Two major forces are shaping the future of human civilization: anthropogenic climate change and the digital revolution.

But it is not too late. The potential for leveraging the digital age to benefit people and the planet is massive. To seize on this potential, we urgently need a social contract for the digital age that respects individual rights, social justiceand protects the Earth’s life-support systems. This new social contract must be founded on the following three principles:

  • Individual Digital Rights – Support ongoing processes to develop a universal declaration of digital rights, as an extension of the human rights declaration laid out by the United Nations. This might include an international convention or other type of institution with the mandate to implement and enforce a digital rights declaration. Digital rights should include, but not be limited to: online privacy, control over personal data, control over individual digital identities, and freedom of expression.
  • Just and Equitable Society – AI and other digital technologies must be designed to avoid creating, reinforcing, or reproducing discrimination and bias. To ensure just and equitable digital systems, transparency in the provenance of online data and derivative information products is required.
  • Environmental Sustainability – AI and other digital technologies must be developed in an environmentally responsible manner to minimize waste, protect natural resources, and achieve net-zero carbon emissions by 2050.

Open and Transparent Access to Data and Knowledge Critical to Achieving Environmental Sustainability and Social Equity

Colossal quantities of data are produced and made accessible as a result of the digital age. Nevertheless, much of the data most valuable for building a climate-safe and equitable world are either not available for public use or are simply not being collected. As AI is increasingly turning collected data into usable knowledge, steps that could ensure open access to this critical data and knowledge include:

  • The creation and support of multi-stakeholder, consensus-based processes to identify priority data needed in the public domain. This includes understanding:
    • What data, critical for environmental sustainability and social equity, already exists in private or public domains? Who is harvesting and providing such data, and who has access to them?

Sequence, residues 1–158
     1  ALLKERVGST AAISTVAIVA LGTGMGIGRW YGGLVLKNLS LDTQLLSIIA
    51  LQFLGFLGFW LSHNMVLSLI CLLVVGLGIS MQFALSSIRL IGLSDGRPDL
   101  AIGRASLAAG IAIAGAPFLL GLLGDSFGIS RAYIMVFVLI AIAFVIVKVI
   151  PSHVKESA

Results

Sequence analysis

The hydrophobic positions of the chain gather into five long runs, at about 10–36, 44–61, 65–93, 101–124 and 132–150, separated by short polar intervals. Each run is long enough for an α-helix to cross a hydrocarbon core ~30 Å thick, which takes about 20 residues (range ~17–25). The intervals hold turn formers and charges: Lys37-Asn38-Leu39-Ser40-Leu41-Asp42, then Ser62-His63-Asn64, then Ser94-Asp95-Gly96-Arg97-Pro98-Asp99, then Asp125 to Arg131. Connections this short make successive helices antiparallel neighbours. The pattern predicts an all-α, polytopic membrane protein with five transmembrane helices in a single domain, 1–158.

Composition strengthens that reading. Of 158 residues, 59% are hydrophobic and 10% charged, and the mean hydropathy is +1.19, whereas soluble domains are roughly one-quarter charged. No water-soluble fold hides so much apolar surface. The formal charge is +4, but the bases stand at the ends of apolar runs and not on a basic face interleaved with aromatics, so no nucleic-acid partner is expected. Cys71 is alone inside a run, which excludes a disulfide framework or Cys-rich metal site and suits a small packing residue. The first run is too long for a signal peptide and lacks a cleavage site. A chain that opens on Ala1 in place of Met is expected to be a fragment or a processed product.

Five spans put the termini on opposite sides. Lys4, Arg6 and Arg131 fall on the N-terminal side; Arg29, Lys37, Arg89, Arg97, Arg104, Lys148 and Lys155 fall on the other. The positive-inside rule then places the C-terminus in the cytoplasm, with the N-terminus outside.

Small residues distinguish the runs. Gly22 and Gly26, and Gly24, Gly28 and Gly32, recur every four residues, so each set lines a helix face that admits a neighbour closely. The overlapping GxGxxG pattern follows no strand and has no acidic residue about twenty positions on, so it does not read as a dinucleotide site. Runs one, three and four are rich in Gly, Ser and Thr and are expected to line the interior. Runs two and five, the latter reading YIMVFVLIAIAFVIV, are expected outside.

• What critical data is missing and how can they be obtained?
    • What are the environmental and social costs of data collection, storage, and use?
  • Ensuring access to good quality data.
    • This entails developing standards—such as providing for data transparency, traceability, ownership, and anonymity—to ensure that data for public use is of the highest quality, and is widely accessible and usable.
  • Instilling trust and transparency in processes that turn data into knowledge. This includes understanding and supporting:
    • Transparency in data provenance and algorithms,
    • Safety checks before deployment of autonomous systems operation and on-going monitoring, and
    • Clear governance of algorithm development and use.
  • Implementing laws and regulations to enable all of the above.
We must decarbonize our society over the coming 30 years.

Public-Private Collaborations to Develop And Manage AI and Other Digital Technologies that Support Environmental Sustainability and Social Equity

Public-private collaborations provide a model for advancing complex, large-scale projects. While traditionally used in sectors like transport and infrastructure, the same model can be extended to sustainability transformations. This would enable a broad diversity of actors — from global technology, finance, and media industries, to non-governmental organisations, national and local governments, and civil society groups — to rally expertise, financing, and ideas toward the common goal of a sustainable and equitable world. Strong, enforceable measures should be instituted to ensure the needed collaborations and outcomes. These include:

  • Regulation of platforms: Similar to the management of public utilities, regulation can facilitate more equitable and just collaboration and market opportunities. Public and private actors should be involved in developing and monitoring guidelines and regulations for the equitable use of platforms, technology, software, and data (including a universal right to be forgotten).
  • Diversified investments: Governments are limited by budgets, whereas the private sector can be risk-averse. Public-private collaborations can overcome these limitations with scope for creativity in investment type, including impact investments, blended finance, prizes and competitions, and public procurement. Public-private investments can also be targeted to a broader range of recipients along the entire innovation spectrum, from fundamental research, to engagement activities, to technology.